This fall, probably the most drastic financial revolution in British history will take place when the final stage in the deregulation of this country's financial markets is completed.

On Oct. 27, what the London financial community calls "The Big Bang" will wipe out minimum commissions on stock market trades and abolish the restrictions on mergers between different kinds of financial businesses.

The deregulation of London's securities markets began in 1983, when Britain Prime Minister Margaret Thatcher's Conservative government came to an out-of-court settlement in a lawsuit with Sir Nicholas Goodison, chairman of the London Stock Exchange. Goodison promised to abolish the centuries of restrictions that had made the exchange more of a private club than a free market.

Both Goodison and Conservative Trade Secretary Cecil Parkinson recognized that, in the face of the internationalization of the world's securities markets, deregulation was essential. Their first objective was to strengthen London as Europe's leading financial center, to assure that London would reign alongside New York and Tokyo in a "tripolar" financial world. Their second goal was to strengthen British firms to enable them to compete with the enormous financial conglomerates that increasingly dominate finance in the United States, Japan and elsewhere.

"This deregulation was done at the 11th hour," said Charles McVeigh, managing director of Salomon Brothers' London operation. "If they had waited another two or three years, then I think it's fair to say that it would have been too late for the British financial institutions to remain competitive."

The abolition of fixed commissions -- which happened on the New York Stock Exchange 11 years ago -- is really the least drastic of the changes. Because the London markets are dominated by large institutional investors, such as pension funds buying and selling large blocks of stock, commission levels here always have been much lower than they were on Wall Street under fixed commissions.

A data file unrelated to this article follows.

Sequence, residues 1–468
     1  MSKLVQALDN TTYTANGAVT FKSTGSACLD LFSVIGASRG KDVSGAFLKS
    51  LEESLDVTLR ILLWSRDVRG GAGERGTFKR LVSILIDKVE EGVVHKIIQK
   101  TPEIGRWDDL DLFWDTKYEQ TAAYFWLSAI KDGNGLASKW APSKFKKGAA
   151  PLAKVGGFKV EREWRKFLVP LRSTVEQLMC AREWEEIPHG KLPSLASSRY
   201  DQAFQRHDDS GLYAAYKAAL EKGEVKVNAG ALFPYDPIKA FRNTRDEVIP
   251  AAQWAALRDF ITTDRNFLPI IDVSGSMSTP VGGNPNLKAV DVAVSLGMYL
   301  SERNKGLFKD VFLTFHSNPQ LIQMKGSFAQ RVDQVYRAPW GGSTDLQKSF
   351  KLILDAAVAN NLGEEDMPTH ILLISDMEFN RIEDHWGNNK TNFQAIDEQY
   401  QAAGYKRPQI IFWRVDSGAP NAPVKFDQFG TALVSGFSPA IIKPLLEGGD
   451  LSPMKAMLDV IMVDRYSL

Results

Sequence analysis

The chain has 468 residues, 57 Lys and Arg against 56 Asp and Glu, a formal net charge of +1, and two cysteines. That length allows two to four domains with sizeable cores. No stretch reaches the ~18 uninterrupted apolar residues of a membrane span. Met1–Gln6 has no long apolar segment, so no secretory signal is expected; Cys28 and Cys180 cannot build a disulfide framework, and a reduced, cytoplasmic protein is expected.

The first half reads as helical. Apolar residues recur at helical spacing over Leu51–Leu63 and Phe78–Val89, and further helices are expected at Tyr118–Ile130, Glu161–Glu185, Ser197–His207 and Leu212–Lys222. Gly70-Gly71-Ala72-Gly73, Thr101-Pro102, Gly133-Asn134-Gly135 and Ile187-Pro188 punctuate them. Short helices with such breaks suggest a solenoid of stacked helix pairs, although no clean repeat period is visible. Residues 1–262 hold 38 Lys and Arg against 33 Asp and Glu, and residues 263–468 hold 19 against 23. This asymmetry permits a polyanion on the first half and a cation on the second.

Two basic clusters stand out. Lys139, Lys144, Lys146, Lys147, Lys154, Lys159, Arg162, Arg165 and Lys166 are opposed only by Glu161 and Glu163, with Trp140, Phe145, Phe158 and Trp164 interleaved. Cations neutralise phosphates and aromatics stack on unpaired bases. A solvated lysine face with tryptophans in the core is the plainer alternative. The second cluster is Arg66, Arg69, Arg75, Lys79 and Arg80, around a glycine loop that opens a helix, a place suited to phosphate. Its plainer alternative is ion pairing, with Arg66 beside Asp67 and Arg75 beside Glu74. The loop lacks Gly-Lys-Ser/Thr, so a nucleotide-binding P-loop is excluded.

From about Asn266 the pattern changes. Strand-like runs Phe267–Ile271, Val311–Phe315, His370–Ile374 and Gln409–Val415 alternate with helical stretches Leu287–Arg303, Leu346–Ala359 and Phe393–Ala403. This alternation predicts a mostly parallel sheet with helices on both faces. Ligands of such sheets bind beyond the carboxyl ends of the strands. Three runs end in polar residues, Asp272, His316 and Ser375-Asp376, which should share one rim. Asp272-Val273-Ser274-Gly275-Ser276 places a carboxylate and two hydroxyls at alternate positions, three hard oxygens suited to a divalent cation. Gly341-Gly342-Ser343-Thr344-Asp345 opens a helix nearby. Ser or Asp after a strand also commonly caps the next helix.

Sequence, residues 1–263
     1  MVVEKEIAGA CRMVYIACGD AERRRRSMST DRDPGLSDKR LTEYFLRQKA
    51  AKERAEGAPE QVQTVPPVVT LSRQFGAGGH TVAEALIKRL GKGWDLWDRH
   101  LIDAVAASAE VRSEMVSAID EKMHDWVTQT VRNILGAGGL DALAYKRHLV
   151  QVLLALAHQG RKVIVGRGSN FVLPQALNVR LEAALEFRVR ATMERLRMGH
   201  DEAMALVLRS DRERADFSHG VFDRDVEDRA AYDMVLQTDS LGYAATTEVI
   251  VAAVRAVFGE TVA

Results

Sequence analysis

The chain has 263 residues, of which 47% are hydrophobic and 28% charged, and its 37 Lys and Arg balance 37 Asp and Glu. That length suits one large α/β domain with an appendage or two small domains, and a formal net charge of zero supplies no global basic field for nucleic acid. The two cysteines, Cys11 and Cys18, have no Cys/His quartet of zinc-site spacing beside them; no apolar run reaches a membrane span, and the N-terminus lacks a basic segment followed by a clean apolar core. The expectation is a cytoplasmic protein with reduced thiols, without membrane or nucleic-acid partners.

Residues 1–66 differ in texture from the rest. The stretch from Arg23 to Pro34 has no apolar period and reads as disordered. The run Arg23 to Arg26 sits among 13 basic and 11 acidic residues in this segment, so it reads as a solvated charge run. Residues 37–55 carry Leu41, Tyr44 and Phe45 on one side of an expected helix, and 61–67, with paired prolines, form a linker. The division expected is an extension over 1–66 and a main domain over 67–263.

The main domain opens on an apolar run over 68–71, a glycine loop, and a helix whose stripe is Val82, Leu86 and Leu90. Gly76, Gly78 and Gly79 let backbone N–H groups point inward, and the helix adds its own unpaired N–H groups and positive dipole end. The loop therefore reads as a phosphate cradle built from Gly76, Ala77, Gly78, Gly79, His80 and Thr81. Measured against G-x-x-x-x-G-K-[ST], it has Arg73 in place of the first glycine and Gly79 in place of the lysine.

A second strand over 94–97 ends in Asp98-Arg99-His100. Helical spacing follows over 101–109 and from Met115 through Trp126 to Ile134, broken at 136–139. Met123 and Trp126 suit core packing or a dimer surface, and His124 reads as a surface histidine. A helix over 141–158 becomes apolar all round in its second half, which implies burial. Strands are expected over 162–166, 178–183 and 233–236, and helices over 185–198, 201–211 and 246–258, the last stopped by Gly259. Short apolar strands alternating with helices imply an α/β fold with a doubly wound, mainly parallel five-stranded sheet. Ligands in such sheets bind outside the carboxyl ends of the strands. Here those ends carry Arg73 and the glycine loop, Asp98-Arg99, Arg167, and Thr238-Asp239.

Far more important is the upcoming end to all the restrictions that compartmentalize financial activities in the City of London, as the financial district is known. On Big Bang Day, it will be legal for the first time for a firm to engage in both "jobbing," as the British call making a market in stocks, and "broking," or selling stocks to investors.

This change has set off a wave of mergers in the financial world. Virtually every broker already has acquired a market-making operation, even though these operations cannot begin until October. Until then, most are dealing in foreign securities.

Simultaneously, London brokers are moving to a fully computerized stock trading system. Known as SEAQ, it is modeled after the Nasdaq automated quotation system that was created by the National Association of Securities Dealers to trade over-the-counter stocks.

"What we are aiming for is a fully automatic system of markets," said John Brew, chief executive of the brokerage firm of Kleinwort Grieveson. "On the New York exchange, they still have specialists on the floor of the exchange. In a fully 'upstairs' market, we're doing away with that central point." Brokers will trade stocks by checking the price of other brokers on their computer screens and typing in orders to buy or sell, which are communicated instantly to the other traders.

Just as important as the technological revolution is the revolution in the structure of financial companies. The stock exchange recently abolished all restrictions on membership. The result has been a wave of mergers and acquisitions. Banks and investment banks have acquired stockbrokers, bond brokers, fund management firms, money brokers and more, creating financial conglomerates.